Self-Motivation
David Goggins
Former Navy Seal
Career Development
Bryan Cranston
Actor
Critical Thinking
Liv Boeree
International Poker Champion
Emotional Intelligence
Amaryllis Fox
Former CIA Clandestine Operative
Management
Chris Hadfield
Retired Canadian Astronaut & Author
Learn
from the world's big
thinkers
Start Learning

Is Cough Medicine Helpful? Probably Not, Says the American Chemical Society

Researchers at the American Chemical Society examine whether or not cough medicine has scientific merit. 

Americans spend around $4 billion each year on cough medicine. Researchers at the American Chemical Society showcase how we may be wasting our money.


In a new video posted on the American Chemical Society's Reactions YouTube site ("Does Cough Medicine Really Work?"), chemists argue that there is no conclusive evidence that cough medicine is effective. The group of researchers came to this conclusion after examining a number of systematic reviews that compared data from numerous studies.

Here the overall take from the American Chemical Society's Reaction team:

"There’s very little evidence that cough syrup is effective at treating coughs. And carefully performed clinical trials show that these medications are generally no better than a placebo." 

As the Reactions team pointed out, clinical trials showed that widely-used cough medicines generally did no better than a placebo in treating symptoms. They examined Antitussives (blocking cough reflex), Expectorants (loosening the mucus), Decongestants (narrowing the blood vessels of the lung and nose to reduce congestion), and Antihistamines (decreasing mucus associated with allergies).

While the researchers found little benefit to over-the-counter cough medicines, they also stated that there was no real medical downside (outside of an overdose, especially with children) to taking the medication. The improvement of health one may feel from taking cough medicine may be tied in with the well-documented placebo effect. ("Placebos Relieve Pain, Even When Patients Know the Treatment Isn't Real")

Treating Your Cold Without Pharmaceuticals 


There are an endless array of natural remedies that people use to soothe coughing and reduce the symptoms of a cold. The researchers at the American Chemical Society touched upon the popular usage of zinc, vitamin C, and echinacea and determined that likewise there was little scientific backing to the health claims. Honey, however, may have some merit and is in new of continued study.

The three suggestions made by the American Chemical Society's Reaction team was to:

1. Drink plenty of fluid in order to lower your cough reflect and thin out mucus.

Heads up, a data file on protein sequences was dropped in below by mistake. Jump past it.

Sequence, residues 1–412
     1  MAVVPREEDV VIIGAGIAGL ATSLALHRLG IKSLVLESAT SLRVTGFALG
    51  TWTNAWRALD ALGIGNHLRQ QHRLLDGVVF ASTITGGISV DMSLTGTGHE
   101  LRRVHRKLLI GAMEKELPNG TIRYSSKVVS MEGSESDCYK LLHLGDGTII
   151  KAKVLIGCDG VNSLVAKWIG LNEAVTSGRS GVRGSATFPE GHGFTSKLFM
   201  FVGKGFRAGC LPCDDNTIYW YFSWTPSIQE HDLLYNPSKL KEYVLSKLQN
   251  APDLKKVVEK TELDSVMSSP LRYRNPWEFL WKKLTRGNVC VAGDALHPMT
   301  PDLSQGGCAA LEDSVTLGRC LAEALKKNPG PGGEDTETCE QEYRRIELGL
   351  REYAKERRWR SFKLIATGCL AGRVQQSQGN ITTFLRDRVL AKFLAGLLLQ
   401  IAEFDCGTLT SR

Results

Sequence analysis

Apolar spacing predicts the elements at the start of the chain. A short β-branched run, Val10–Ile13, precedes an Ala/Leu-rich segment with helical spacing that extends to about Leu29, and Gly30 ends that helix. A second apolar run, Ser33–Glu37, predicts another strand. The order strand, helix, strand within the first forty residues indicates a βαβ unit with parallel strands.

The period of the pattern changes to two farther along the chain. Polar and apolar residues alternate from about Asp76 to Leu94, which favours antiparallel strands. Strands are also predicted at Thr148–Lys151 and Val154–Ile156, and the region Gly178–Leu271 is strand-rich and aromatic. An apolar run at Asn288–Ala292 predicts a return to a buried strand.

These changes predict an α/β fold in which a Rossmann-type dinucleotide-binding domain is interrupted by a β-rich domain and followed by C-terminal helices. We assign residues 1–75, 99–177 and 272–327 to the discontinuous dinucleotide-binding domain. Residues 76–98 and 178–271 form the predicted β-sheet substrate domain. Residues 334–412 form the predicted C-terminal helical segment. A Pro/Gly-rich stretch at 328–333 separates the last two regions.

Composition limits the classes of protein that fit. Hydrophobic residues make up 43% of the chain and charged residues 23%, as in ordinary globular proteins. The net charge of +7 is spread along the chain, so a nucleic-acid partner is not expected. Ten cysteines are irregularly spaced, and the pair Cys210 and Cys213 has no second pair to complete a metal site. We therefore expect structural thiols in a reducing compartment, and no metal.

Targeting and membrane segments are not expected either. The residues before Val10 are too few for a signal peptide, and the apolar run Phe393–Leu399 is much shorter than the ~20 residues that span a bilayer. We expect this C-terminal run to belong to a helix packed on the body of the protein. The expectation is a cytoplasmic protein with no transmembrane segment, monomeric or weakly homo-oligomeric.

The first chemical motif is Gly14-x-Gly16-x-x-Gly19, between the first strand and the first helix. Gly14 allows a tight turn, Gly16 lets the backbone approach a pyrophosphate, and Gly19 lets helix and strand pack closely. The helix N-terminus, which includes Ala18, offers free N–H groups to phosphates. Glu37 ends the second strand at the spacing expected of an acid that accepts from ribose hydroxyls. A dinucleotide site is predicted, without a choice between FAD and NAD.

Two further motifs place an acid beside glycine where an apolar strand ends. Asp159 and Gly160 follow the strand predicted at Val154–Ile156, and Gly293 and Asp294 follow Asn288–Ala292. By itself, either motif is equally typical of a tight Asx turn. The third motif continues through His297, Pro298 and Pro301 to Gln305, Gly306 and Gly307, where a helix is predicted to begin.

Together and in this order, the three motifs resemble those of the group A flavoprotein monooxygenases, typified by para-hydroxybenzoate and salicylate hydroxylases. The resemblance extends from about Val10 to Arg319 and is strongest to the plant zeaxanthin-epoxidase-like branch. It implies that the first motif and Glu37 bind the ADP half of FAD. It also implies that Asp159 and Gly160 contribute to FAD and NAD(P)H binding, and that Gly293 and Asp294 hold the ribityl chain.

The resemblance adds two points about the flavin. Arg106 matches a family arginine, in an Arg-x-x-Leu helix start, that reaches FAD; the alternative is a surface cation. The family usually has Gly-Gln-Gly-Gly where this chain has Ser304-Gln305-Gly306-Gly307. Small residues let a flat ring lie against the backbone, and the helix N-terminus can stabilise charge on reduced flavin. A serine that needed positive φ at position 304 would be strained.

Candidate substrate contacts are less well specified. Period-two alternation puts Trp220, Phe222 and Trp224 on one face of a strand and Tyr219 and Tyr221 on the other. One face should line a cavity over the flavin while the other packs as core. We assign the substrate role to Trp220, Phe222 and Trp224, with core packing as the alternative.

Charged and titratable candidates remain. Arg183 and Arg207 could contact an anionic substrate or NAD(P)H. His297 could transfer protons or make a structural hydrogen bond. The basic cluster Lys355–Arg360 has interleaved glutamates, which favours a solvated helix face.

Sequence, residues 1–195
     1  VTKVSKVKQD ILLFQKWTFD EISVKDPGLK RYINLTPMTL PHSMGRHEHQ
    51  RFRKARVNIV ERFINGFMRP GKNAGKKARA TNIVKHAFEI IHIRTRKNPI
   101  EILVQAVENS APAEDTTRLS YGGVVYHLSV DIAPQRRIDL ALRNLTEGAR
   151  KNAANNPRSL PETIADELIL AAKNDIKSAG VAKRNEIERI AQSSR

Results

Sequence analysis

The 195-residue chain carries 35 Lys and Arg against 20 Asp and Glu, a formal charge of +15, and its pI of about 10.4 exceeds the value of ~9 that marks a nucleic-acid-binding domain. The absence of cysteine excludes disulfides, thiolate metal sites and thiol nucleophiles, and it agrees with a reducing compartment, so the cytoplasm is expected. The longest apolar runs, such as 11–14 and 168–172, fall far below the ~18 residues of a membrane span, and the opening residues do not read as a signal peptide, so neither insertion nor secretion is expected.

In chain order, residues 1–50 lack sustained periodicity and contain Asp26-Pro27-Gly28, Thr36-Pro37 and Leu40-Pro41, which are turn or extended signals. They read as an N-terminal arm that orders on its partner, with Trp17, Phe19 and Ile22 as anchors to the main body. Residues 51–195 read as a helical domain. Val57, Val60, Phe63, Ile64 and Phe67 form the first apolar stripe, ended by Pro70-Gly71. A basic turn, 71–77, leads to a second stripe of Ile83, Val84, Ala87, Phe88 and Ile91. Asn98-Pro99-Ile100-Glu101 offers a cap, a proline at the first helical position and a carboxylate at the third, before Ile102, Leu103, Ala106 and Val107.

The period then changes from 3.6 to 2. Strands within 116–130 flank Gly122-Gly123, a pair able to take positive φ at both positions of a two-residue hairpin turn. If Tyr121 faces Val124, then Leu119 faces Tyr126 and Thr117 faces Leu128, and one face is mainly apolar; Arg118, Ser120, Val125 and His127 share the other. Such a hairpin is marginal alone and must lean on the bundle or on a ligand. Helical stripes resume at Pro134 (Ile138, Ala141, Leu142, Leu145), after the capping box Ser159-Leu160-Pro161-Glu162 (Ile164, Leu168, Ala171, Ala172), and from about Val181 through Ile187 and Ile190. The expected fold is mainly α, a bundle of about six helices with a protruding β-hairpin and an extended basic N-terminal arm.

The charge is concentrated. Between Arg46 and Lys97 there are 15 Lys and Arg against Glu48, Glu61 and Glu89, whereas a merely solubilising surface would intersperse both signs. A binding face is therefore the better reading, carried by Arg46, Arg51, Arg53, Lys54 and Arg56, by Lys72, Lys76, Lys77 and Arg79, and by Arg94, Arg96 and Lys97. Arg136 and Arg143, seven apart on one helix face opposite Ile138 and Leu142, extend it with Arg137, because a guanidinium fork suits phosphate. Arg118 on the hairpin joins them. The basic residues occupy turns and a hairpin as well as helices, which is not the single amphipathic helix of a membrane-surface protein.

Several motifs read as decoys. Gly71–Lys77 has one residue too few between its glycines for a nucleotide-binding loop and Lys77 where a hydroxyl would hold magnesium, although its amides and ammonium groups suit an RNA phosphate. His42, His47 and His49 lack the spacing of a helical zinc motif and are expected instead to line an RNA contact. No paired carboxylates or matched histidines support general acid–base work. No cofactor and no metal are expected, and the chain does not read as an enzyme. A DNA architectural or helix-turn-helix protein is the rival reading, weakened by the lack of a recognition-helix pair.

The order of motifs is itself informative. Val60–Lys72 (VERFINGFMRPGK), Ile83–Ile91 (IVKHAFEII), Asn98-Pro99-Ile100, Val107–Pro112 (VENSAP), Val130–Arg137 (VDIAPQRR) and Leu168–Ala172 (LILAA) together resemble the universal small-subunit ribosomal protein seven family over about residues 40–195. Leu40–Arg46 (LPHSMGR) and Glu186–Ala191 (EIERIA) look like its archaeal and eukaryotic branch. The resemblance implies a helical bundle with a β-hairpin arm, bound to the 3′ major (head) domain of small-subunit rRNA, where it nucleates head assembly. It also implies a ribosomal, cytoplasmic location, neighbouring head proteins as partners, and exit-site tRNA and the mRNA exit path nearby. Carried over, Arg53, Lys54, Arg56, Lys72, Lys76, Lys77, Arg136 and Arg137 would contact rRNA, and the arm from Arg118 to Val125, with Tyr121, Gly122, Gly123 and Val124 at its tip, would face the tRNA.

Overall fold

2. Take a steamy shower, or use a humidifier, to reduce congestion

3. Use a hard candy or cough drop to increase saliva production, which will soothe an irritated throat.

Lastly, there is always the old standby of chicken noodle soup. Outside of its nostalgic appeal, there may be some scientific merit in having a cup of soup when suffering through a cold. According to the Mayo Clinic

[I]f you're sick, chicken soup may help you feel better. Warm liquids, such as chicken soup, tea or warm apple juice, help speed up the movement of mucus through the nose. This relieves congestion and limits the amount of time viruses are in contact with the lining of your nose. Plus, soup and other liquids help prevent dehydration.


Live on Tuesday | Personal finance in the COVID-19 era

Sallie Krawcheck and Bob Kulhan will be talking money, jobs, and how the pandemic will disproportionally affect women's finances.

Why are these borders so weird?

New book focuses on some of the world's most peculiar borderlines.

The bizarre international border at Märket Island is just one of dozens highlighted in Zoran Nikolic's 'Atlas of Unusual Borders'.

Image reproduced by kind permission of HarperCollins
Strange Maps
  • Borders have a simple job: separate different areas from each other.
  • But they can get complicated fast, as shown by a new book.
  • Here are a few of the bizarre borders it focuses on.
Keep reading Show less

Why is everyone so selfish? Science explains

The coronavirus pandemic has brought out the perception of selfishness among many.

Credit: Adobe Stock, Olivier Le Moal.
Personal Growth
  • Selfish behavior has been analyzed by philosophers and psychologists for centuries.
  • New research shows people may be wired for altruistic behavior and get more benefits from it.
  • Crisis times tend to increase self-centered acts.
Keep reading Show less

How Hemingway felt about fatherhood

Parenting could be a distraction from what mattered most to him: his writing.

Ernest Hemingway Holding His Son 1927 (Wikimedia Commons)
Culture & Religion

Ernest Hemingway was affectionately called “Papa," but what kind of dad was he?

Keep reading Show less
Videos

The biology of aliens: How much do we know?

Hollywood has created an idea of aliens that doesn't match the science.

Scroll down to load more…
Quantcast